Agnico Eagle will put $5 million into Nunavut training, mental health
“We can empower Inuit youth”
Agnico Eagle Mines Ltd., operator of the Meadowbank and Meliadine gold mines in the Kivalliq region of Nunavut, will contribute $5 million to mine training and mental health in the territory, says the company’s CEO, Sean Boyd.
This money is in addition to the $5 million that AEM promised in 2014 to contribute to a Nunavut university, Boyd announced at the Northern Lights trade show in Ottawa on Thursday, Feb. 6.
“We believe that by investing in this type of social infrastructure, we can empower Inuit youth—help them build personal resilience and pride and develop a set of life skills that will help them meet the complex challenges of tomorrow,” Boyd said in his lunch-hour speech.
Boyd said these contributions are closely connected to each other and reflect Government of Nunavut priorities.
On the training component, he said the money will go to the mine training centre that the GN plans to build in Rankin Inlet.
That’s because lack of training is a major obstacle that bars many local people from taking advantage of technical and management opportunities at his company’s mines.
“We must ensure there is sufficient funding and flexibility to provide training that matches these opportunities with available workers,” Boyd said.
He also described how his company is already involved in training, including its popular pre-trade and apprenticeship program. Right now, three pre-apprentices, seven active apprentices and six graduates of that program are working for the company right now.
And he said that in 2019, the company spent $8 million to provide 25,000 training hours for its workforce.
At the same time, he said Nunavut youth need purpose and a vision for the future, and that suicide has affected many Agnico Eagle employees and their families.
That’s why the company has decided to spend money on mental health.
“We don’t have all the answers yet as to what form our support will take, but we will be reaching out to key stakeholders and partners to help us understand the best path forward,” Boyd said.
He said his company wants to empower Inuit youth and help youth build personal resilience, pride and life skills that will help them in the future.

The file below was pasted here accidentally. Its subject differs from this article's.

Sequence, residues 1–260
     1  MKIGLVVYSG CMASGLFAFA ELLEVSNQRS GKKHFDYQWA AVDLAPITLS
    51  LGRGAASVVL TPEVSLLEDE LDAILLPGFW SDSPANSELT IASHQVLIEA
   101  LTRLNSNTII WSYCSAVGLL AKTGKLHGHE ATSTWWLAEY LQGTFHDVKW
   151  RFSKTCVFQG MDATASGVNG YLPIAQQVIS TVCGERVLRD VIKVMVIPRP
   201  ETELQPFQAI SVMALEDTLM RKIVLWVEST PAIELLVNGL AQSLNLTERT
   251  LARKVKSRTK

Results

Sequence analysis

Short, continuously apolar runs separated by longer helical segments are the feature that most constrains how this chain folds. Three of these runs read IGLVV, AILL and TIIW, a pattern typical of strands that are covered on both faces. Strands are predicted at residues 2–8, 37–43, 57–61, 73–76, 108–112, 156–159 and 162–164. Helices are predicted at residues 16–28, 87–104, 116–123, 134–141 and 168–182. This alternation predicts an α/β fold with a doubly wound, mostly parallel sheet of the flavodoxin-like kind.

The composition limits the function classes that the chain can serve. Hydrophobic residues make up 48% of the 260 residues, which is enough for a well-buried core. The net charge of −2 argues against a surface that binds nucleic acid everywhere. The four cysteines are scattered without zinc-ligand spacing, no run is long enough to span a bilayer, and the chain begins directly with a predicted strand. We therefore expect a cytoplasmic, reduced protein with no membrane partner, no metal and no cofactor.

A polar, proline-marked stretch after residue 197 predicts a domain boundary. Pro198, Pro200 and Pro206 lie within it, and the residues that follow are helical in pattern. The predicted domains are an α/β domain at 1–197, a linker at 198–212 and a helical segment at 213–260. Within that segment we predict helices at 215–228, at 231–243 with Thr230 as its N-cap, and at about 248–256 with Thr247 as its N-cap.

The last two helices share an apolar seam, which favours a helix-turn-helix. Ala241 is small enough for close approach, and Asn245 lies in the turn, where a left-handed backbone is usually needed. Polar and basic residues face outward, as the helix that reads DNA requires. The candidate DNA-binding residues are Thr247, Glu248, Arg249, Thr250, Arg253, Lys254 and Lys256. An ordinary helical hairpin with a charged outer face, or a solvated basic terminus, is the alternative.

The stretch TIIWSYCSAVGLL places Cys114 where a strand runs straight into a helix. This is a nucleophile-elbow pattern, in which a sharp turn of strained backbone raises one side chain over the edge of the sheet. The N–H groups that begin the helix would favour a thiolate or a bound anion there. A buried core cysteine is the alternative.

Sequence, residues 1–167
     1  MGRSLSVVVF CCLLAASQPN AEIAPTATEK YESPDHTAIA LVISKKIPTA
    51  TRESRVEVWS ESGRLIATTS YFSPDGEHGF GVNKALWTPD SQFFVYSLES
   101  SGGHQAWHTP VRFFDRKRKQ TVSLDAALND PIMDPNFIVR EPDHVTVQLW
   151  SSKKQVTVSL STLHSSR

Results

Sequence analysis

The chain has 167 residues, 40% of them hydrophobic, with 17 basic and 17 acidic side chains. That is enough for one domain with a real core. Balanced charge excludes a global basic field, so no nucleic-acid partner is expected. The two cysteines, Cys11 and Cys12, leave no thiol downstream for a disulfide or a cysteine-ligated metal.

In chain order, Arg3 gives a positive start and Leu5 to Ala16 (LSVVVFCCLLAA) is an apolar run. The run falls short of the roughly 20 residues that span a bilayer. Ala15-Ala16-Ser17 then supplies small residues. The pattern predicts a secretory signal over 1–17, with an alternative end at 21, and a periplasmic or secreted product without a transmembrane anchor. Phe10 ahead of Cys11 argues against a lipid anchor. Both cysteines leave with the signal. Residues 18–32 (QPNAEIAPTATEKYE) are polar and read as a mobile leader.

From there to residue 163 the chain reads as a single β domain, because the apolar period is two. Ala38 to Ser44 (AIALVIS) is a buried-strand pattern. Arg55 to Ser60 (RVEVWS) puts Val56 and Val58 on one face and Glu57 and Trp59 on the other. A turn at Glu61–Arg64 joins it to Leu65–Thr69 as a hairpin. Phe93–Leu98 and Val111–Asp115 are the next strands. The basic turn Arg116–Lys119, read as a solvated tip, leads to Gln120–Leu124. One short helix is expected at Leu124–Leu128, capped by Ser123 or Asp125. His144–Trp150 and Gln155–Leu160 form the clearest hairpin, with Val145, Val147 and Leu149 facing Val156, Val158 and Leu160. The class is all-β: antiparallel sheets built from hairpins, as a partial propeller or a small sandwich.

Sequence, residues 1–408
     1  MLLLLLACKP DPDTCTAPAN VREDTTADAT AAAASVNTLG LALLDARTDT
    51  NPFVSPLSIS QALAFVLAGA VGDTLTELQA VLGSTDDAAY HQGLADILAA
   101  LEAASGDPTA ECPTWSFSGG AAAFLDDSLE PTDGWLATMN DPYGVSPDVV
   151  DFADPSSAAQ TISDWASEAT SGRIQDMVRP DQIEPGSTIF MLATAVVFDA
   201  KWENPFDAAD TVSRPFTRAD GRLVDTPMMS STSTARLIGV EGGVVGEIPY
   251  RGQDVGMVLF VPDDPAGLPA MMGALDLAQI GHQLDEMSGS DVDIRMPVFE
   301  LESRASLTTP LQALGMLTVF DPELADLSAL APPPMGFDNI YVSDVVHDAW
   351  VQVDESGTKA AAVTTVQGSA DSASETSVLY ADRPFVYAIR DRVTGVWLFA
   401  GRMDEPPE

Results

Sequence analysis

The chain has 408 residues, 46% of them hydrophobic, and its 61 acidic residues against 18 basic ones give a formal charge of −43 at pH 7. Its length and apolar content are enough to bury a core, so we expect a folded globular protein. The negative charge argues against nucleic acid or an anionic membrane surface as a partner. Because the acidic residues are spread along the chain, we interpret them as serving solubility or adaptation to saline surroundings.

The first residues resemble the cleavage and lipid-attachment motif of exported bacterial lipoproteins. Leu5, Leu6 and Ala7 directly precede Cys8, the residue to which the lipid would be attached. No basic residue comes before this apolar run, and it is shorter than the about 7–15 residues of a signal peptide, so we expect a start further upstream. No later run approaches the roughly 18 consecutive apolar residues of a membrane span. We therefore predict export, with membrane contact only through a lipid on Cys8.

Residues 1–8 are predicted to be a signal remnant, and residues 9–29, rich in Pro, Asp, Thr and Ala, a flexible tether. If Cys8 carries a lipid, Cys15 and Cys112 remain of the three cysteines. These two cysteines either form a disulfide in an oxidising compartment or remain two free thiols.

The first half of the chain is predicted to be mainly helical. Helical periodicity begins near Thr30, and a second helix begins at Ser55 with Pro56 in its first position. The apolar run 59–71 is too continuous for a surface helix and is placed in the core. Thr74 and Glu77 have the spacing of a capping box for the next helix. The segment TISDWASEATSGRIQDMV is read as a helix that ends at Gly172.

As for the $5 million for a university in Iqaluit, which Agnico Eagle chair James Nasso announced about six years ago, that money is still on the table.
“And what about higher education? Canada is far behind other circumpolar nations in providing university education to its northern residents,” Boyd said.
And he said his company’s long-term goal is to have its mines operated and run by Nunavummiut.
“We know this is possible, we have achieved it at our sites in Europe and Mexico,” he said.
Agnico Eagle has paid $109M to Inuit orgs
In his speech, Boyd also told his audience about the money that Agnico Eagle has transferred to Inuit organizations.
“Since 2007, we have paid more than $109 million in royalties and fees to both Nunavut Tunngavik Inc. and KIA [Kivalliq Inuit Association], Boyd said.
And over the next 15 years, he said the company expects to pay more than $450 million to Inuit organizations.
He also listed other ways in which Agnico Eagle has contributed to the economy of Nunavut:
• Investment of $7 billion in Nunavut since 2007.
• A workforce that has grown to 2,400 employees—the largest private-sector workforce in Nunavut—at Agnico Eagle and its contractors, of whom 438 are Inuit.
• An annual Nunavut payroll of more than $100 million, with almost $29 million going to Inuit employees.
• Spending of about $500 million on about 50 Inuit businesses, representing 57 per cent of Agnico Eagle’s spending in the Kivalliq region.
• The construction of about 200 kilometres of roads, making Agnico Eagle the largest road builder in Nunavut.
Boyd repeated remarks he made last month at the Canadian Club Toronto, where he called for a comprehensive Arctic strategy.
He said such a strategy must address three issues: building critical infrastructure, unlocking the power of training, and investing in cleaner and more affordable energy.
“We come to the table with open minds, mutual respect and trust to help bring prosperity and a better of quality of life to Nunavut and Canada’s North,” he said.